The UWM-FFL rack contains a custom-built laser-induced fluorescence (LIF) instrument for the detection of gas-phase formaldehyde (HCHO). Ambient air, which is sampled via a PFA teflon tube fixed on the boom of the Zeppelin, passes through a measurement cell where the formaldehyde molecules are exposed to 353 nm laser light. They absorb some of that radiation and start to emit photons (fluorescence) which are detected by a highly sensitive photomultiplier tube. Based on a calibration of the instrument the measured signal can be converted into the formaldehyde concentration in the ambient air.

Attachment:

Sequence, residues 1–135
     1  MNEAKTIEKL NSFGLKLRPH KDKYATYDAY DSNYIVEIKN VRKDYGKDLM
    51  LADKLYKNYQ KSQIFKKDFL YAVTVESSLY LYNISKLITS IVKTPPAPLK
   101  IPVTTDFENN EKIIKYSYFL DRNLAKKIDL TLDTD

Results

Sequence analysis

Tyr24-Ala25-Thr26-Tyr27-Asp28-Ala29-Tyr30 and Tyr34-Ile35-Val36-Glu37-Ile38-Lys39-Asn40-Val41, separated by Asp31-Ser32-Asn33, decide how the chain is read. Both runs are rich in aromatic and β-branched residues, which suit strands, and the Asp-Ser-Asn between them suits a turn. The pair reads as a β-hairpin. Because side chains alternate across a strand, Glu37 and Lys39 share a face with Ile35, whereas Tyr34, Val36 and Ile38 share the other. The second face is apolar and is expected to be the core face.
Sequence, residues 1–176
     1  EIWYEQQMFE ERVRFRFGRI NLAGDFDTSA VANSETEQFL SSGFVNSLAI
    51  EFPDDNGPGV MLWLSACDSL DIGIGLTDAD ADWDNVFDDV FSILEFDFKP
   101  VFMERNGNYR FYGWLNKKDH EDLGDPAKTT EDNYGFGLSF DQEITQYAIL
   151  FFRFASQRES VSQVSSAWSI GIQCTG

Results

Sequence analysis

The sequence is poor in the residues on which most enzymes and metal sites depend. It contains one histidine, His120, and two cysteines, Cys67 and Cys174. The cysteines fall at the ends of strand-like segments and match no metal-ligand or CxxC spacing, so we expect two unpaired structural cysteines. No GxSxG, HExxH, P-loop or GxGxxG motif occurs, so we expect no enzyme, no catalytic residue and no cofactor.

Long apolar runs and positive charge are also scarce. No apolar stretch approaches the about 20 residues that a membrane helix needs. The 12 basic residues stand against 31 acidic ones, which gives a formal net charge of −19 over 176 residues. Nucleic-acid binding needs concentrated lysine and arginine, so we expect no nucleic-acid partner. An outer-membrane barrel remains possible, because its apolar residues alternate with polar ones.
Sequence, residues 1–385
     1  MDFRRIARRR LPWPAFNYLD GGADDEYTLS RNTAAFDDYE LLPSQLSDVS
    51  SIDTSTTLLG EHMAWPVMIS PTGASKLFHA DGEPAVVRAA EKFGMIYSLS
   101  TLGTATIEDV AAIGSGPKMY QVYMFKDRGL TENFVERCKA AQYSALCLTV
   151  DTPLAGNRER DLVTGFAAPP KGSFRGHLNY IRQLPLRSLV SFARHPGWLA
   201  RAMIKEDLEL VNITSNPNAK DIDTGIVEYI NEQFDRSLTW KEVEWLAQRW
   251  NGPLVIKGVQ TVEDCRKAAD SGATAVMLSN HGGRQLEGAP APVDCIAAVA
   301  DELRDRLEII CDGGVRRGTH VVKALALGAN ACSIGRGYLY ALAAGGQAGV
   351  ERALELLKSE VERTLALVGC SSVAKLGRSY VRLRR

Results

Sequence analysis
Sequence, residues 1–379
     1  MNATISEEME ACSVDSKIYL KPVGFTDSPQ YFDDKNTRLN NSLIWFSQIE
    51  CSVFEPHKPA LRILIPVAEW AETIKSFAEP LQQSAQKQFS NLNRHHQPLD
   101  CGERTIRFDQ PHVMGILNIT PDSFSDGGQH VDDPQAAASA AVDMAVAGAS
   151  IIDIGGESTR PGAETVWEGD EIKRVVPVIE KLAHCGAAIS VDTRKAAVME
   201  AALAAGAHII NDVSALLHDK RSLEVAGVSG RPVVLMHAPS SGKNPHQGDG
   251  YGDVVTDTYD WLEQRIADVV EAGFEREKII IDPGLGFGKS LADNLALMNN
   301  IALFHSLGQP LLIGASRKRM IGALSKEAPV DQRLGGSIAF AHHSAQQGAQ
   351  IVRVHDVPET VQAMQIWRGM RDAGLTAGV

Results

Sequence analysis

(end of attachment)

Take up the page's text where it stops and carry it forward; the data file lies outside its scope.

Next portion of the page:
For a more detailed method description, see: http://pubs.acs.org/doi/abs/10.1021/es801621f.
A description of recent improvements to the instrument is given here: http://www.sciencedirect.com/science/article/pii/S1352231011010168.